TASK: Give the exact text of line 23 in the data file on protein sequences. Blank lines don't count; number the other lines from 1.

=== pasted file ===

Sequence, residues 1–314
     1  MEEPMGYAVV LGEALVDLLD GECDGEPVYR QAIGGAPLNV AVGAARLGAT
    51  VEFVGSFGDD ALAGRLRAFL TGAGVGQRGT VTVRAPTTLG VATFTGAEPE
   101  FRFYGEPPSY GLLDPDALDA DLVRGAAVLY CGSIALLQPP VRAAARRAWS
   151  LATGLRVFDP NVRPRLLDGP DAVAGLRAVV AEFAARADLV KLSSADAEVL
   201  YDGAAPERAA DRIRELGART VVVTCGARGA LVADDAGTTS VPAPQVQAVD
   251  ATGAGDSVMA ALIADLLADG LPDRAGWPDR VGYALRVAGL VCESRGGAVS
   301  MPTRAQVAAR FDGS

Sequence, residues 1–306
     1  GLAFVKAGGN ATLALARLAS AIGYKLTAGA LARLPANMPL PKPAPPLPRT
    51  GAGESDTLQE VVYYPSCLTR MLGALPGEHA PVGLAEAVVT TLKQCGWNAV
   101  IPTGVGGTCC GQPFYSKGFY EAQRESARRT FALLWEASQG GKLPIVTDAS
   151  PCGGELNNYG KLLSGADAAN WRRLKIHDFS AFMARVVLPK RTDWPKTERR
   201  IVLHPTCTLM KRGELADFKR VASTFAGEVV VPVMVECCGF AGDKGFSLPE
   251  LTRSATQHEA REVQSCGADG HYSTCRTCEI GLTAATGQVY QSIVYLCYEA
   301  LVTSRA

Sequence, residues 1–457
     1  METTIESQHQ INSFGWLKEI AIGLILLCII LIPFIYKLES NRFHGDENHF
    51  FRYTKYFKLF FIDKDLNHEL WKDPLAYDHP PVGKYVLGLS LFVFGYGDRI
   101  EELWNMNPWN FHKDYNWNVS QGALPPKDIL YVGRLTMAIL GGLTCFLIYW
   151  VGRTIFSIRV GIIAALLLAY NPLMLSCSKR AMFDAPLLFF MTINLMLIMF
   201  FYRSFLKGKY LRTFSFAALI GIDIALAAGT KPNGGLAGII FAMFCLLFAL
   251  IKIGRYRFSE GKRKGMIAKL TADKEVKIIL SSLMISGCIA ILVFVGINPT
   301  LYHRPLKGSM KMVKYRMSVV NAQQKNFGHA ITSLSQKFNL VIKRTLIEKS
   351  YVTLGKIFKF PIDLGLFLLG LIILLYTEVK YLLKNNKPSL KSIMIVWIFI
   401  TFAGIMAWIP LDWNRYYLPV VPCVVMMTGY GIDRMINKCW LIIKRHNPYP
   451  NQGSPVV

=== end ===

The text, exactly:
   251  IKIGRYRFSE GKRKGMIAKL TADKEVKIIL SSLMISGCIA ILVFVGINPT